The sobering results of the present study cast doubt on the use of the dot probe procedure as an instrument for assessing maladaptive attentional processes in problematic behavior or psychopathology. However, this need not be the deathblow of the dot probe procedure, since several issues need to be taken into account. Here, the results only pertain to this specific version of the test, with these specific procedural characteristics (e.g., stimuli, presentation times, …), When using this test set up, administered to this specific sample (children and adolescents with and without obesity, aged 7–19), to compute these specific indices (ABS, TL-BS, PI), we were unable to provide evidence for the task's applicability to assess food-related attentional biases. However, these conclusions pertain only to this test version, in this sample in this context (De Schryver et al., 2018a), and preclude generalization to other versions of the task in other samples and contexts. Adaptations to the task, that might be worth trying, could be, among others, the use of personally relevant stimuli (Christiansen et al., 2015) or prolonging presentation time (Waechter et al., 2014). Although these adaptations did not result in increased reliability in adult samples (Jones et al., 2018), they were not evaluated in younger samples. Given the impact of test length on reliability (Gulliksen, 1950; Morera and Stokes, 2016; McNally, 2019), one might consider administering more trials. However, the boredom which might be triggered by long repetitive tasks, could potentially be detrimental to attention (Eastwood et al., 2012; Hunter and Eastwood, 2018), especially in younger samples (Hsu et al., 2020). The optimal number of trials, balancing effects on reliability and boredom, still needs to be determined, and would undoubtably depend on the population one is interested in (e.g., age, problem domain). The present study evaluated three indices of attentional bias that are based on differences scores between or differential probability of responding in congruent vs. incongruent trials. Alternative computational methods, like drift-diffusion modeling, are found to yield improved reliability estimates for a verbal dot probe test in adults with clinical anxiety. The index computed following this approach is considered by the authors to be a more precise measure of attentional bias than the traditional ABS (Price et al., 2019). However, this approach has not been evaluated with a pictorial food-related dot probe test, nor in a sample of youth.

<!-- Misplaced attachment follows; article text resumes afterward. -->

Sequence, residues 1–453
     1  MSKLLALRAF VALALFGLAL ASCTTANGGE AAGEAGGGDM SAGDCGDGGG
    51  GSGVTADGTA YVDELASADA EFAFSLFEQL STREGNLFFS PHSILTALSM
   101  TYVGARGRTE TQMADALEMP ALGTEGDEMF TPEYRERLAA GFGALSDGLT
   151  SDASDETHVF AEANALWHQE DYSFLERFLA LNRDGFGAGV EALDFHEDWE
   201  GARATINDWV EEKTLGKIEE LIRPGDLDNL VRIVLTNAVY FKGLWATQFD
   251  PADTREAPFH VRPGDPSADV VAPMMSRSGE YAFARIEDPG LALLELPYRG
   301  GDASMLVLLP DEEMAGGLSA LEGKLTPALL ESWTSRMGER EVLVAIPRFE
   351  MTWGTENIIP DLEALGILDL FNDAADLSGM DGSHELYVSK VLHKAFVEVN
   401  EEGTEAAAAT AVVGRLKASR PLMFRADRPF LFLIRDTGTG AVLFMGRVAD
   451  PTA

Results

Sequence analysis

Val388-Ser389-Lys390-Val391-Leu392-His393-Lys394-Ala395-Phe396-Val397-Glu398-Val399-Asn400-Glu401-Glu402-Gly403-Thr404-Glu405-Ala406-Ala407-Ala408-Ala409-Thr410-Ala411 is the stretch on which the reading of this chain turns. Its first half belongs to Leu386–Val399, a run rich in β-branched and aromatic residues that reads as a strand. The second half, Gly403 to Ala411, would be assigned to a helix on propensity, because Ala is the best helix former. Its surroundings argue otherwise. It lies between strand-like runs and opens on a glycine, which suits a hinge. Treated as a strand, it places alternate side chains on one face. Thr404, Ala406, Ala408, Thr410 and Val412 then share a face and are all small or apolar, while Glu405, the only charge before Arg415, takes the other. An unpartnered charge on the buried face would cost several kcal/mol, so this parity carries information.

To conclude, the present study could not provide evidence for the use of this particular version of the dot probe test to assess food-related attentional bias in youth with and without obesity. These results warn against the ill-considered and casual use of a dot probe task in experimental or correlational research, and again display the need to carefully scrutinize the psychometric properties of the test in the same meticulous way they would evaluate the psychometric properties of other measures (i.e., questionnaires) (Rodebaugh et al., 2016; De Schryver et al., 2018a; Parsons et al., 2018). If researchers would decide on reporting results of the dot probe task, they are urgently and insistently encouraged to also report, evaluate and discuss the psychometric characteristics (e.g., reliability of indices, correlations between general RT and indices) of their test version for their sample.